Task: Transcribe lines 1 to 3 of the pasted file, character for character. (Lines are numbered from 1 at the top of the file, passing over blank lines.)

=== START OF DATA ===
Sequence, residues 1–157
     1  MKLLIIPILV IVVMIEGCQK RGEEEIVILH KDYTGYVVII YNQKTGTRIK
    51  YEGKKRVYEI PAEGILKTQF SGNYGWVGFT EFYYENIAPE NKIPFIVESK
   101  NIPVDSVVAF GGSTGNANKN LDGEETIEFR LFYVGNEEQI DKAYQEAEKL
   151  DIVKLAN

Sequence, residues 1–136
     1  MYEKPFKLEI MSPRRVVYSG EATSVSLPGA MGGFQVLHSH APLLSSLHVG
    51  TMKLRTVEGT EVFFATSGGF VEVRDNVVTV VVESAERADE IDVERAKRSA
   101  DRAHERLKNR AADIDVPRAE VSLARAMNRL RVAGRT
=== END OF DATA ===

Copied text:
Sequence, residues 1–157
     1  MKLLIIPILV IVVMIEGCQK RGEEEIVILH KDYTGYVVII YNQKTGTRIK
    51  YEGKKRVYEI PAEGILKTQF SGNYGWVGFT EFYYENIAPE NKIPFIVESK